Thank you so much for your generous advice on my sewing naïveté. I feel so much better, and totally armed to hit the fabric store. Stage 2 may even happen before March 20th ;).
The socks, on the other hand, have seen an incredible growth spurt:
My skin was very dry and sensitive today, so I modeled the socks over a nylon knee-high. Which, naturally, I pulled on top of my regular sock. Let us not worry about the details, okay?
The more I knit two-handed, the more intuitive it becomes. Just like all aspects of knitting, right? I find myself glancing at the chart, and instinctively, without looking at my work, throwing with the blue if that’s what’s required. Or picking the orange. Or scrunching my forehead when realizing I’ve done something wrong ;).
When I started this project, I remembered this post from Nona’s blog about yarn dominance, and made orange the dominant color – I think it really pops, especially against the dark blue, don’t you think? And what about my stranding tension? I’m quite pleased ;).
By the way, and I speak from experience, what Nona writes in that post is absolutely, unquestionably true – for a few rounds I switched the dominant yarn, just to see what the effect would be, and the difference was as obvious as night and day (at least to me). So obvious, that I frogged the errant rounds and reestablished orange as the dominant color once again.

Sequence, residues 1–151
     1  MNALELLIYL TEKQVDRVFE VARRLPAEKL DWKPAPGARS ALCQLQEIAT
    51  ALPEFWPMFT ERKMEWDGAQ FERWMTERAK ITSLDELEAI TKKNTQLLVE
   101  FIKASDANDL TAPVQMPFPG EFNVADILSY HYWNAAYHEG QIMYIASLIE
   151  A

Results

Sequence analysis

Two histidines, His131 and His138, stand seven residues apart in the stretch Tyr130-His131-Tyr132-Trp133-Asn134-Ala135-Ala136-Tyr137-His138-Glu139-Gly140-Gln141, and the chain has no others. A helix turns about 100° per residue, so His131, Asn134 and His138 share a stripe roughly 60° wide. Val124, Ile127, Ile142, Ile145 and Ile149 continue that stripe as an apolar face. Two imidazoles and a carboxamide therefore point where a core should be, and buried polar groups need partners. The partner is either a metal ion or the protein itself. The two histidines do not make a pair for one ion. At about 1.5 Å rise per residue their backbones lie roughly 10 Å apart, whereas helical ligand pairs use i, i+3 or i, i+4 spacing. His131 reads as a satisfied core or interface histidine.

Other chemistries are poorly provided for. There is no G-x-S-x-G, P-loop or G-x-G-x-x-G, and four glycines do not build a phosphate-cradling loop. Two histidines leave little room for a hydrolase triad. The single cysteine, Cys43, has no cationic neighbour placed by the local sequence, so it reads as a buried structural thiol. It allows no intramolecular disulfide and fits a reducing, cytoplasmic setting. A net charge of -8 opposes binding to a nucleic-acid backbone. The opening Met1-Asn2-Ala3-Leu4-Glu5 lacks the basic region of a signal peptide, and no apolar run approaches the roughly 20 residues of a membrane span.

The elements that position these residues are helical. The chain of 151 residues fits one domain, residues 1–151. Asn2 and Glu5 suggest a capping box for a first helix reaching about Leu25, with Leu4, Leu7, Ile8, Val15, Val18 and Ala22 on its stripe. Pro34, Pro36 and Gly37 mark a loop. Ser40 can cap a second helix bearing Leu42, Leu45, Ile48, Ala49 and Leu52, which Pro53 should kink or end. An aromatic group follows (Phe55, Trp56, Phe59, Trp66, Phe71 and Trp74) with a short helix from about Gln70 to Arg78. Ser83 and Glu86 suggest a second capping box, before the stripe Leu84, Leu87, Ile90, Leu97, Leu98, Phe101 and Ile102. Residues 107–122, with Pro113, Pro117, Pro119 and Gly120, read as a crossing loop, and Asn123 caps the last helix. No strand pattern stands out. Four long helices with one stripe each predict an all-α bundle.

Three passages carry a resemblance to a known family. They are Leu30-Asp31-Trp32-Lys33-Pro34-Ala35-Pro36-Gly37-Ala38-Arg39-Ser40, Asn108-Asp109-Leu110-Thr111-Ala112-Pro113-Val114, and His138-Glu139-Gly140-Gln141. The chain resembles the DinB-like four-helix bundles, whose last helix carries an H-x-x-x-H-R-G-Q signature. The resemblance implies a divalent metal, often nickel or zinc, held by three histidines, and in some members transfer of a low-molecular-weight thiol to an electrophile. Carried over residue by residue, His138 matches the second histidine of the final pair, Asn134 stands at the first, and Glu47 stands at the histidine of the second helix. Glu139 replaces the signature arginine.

In an absolutely unprecedented event, I am knitting this sock on two circular needles.
Should I get the smelling salts, or are you okay?
And it has nothing to do with the fact that it’s stranded knitting. Well, sort of. As you know, this is the first time I’m throwing with my right hand, and for whatever reason, the dpns just got in the way of my right hand so much. I found that two circs, as much as I hate their clinking, dangling ends, allowed me to throw without looking like an acrobat.
At the end of the first pattern repeat I started the calf decreases. I’m completely winging them, but so far they are coming out just perfect, all snug against my calf, not too loose and not too tight. Heaven! I am planning to decrease from 106 stitches to 66 stitches, and I’m decreasing the ones in the back at a different rate than the ones in the front – the back decreases are every 4th round, and the front decreases are every 12th round. This is, again, just winging it, based on the fact that my calf doesn’t taper down symmetrically at all.
You can see the asymmetry from the side:
Also noteworthy: unlike the original chart, I’m not only reducing the size of the front/back repeat, but of the side repeat as well. It naturally lends itself to be reduced, actually, since I initially beefed it up to make up a wider sock. Now I’ll be tapering it down to the original motif presented in the Ram’s Horn Cardigan.0 likes